Tuesday, July 14, 2009

When You Reach Me: Making Sure You Reach Readers with Satisfying Conclusions

This month I've launched my effort to plow through a healthy chunk of Newbery Award winners in my quest to get a bead on the best children's literature out there. I delved into Clare Vanderpool's Moon Over Manifest earlier this month (Musing Over Manifest and Mockingbird, 6 May 2013) and have now added Rebecca Stead's When You Reach Me to the list.

With a whopping two under my belt now, I already see a pattern. These are slice-of-life tales. The main character in each book is a pre-teen girl learning to navigate the world around her, by understanding her family, making make friends, and grappling with the bigger pictures of life.

The two stories also involve mysteries. In Manifest, Abilene wants to learn about her father's childhood while in Reach Me the quest is to learn the identity of whoever is leaving secret notes. Manifest and Reach both engaged me in the overall stories and characters. However, the former did a little too much signposting and left me feeling a little letdown by the finale. The latter had peppered in the clues so that it all came together in the end, but I was still scratching my head a bit.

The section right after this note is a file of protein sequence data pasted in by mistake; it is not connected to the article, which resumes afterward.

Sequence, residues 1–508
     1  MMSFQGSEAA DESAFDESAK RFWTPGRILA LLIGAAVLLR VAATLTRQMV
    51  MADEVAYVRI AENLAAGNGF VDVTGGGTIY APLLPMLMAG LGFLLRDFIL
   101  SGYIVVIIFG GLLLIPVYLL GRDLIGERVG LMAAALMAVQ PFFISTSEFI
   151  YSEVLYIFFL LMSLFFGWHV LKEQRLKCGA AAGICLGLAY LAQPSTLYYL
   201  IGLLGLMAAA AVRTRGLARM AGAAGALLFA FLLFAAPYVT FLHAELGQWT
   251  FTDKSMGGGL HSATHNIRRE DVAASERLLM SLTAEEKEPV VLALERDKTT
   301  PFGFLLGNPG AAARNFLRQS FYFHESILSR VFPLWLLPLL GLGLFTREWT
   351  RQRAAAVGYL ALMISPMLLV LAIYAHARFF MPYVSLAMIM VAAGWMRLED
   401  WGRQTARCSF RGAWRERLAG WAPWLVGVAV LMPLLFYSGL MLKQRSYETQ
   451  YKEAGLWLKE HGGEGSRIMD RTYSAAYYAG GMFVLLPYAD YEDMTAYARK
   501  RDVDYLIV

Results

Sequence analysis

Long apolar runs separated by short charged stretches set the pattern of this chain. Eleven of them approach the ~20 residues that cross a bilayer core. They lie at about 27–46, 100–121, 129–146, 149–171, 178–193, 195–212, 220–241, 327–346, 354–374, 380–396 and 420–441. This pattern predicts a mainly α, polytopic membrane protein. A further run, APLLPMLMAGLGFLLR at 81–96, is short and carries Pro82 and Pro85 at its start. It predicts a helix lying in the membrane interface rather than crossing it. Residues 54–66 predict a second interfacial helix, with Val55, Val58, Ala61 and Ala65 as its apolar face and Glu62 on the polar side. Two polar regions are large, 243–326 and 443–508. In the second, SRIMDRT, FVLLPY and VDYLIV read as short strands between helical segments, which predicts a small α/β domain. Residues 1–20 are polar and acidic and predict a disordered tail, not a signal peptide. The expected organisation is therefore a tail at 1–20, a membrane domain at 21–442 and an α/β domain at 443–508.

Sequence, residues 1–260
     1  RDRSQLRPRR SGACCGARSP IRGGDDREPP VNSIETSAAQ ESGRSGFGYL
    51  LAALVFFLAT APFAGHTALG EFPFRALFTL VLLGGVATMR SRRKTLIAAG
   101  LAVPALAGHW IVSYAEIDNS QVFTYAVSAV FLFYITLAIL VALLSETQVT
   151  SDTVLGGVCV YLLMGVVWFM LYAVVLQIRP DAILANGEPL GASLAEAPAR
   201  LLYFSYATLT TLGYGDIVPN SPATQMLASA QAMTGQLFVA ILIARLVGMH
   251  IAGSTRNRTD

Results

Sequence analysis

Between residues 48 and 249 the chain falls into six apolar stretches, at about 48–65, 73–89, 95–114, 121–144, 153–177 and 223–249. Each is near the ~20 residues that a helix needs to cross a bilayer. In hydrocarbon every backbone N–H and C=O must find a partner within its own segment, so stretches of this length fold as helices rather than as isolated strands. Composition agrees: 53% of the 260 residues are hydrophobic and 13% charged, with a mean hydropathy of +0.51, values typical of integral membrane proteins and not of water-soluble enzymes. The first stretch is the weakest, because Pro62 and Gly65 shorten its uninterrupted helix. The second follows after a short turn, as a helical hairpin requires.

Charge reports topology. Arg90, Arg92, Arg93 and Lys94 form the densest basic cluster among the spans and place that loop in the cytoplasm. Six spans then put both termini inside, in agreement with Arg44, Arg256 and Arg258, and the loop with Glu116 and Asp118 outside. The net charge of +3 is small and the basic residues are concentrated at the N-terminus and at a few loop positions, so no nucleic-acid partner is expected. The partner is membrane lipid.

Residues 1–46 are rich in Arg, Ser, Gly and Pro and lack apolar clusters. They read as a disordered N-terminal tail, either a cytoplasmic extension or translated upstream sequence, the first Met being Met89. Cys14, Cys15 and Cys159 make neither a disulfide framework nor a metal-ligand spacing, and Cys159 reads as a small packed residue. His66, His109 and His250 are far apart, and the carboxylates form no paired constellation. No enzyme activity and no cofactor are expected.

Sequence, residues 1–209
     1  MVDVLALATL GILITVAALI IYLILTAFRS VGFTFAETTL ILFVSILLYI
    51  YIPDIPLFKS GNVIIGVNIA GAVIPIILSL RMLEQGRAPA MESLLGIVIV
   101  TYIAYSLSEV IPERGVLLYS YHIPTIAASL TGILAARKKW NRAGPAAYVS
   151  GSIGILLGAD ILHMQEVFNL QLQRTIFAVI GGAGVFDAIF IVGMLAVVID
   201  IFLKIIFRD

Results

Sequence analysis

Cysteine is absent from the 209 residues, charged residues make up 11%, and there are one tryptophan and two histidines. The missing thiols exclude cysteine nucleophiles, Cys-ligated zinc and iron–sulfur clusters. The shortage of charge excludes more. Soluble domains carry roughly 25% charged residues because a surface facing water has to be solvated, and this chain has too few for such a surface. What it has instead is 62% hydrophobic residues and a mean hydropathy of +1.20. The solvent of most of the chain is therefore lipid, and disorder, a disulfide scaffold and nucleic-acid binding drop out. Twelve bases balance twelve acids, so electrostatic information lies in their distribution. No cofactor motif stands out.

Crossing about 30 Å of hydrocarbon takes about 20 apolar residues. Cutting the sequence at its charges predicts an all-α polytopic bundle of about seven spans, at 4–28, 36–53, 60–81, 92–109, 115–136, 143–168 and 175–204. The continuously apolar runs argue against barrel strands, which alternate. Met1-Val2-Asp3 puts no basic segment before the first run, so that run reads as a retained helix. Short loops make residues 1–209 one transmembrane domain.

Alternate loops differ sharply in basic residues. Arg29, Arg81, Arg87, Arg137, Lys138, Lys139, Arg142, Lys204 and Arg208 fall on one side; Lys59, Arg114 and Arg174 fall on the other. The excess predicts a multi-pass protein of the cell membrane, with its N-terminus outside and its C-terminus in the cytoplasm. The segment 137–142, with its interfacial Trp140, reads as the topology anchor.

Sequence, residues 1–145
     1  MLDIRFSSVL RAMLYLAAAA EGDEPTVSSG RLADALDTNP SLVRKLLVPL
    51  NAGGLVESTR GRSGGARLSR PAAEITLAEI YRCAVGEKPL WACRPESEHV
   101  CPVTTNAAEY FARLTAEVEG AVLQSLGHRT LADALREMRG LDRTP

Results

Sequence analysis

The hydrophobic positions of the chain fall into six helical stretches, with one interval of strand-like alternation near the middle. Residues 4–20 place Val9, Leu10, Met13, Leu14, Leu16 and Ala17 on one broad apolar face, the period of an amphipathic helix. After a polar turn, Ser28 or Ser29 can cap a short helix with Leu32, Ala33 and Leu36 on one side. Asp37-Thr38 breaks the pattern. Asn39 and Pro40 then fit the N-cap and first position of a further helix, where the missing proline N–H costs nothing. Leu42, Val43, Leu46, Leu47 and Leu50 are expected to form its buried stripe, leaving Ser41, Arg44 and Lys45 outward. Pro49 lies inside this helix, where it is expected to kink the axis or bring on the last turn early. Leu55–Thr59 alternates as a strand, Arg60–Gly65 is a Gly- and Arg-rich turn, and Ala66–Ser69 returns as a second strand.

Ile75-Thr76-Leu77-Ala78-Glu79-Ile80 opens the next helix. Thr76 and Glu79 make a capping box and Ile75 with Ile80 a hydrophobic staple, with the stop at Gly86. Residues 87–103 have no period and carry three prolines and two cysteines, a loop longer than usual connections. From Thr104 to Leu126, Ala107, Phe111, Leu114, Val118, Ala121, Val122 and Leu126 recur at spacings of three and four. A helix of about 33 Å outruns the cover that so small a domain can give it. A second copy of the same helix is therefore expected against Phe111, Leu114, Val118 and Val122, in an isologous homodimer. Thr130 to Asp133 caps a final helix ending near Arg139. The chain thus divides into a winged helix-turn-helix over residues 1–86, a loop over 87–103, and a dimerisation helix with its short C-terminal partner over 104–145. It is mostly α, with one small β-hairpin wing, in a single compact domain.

Rebecca Stead discusses When You Reach Me

I have integrated some mysteries in my own endeavors writing Otter and Arthur and the Sword in the Stone and now fine-tuning its sequel, Otter and Arthur and the Round Table. The lesson is to make sure the reader will 1) want to learn the outcome and that 2) the reader will be satisfied with the outcome once it arrives. This means that the reader must be well-invested in the characters and the story, but also that the ending comes across neither as too signposted nor as too much of a surprise.

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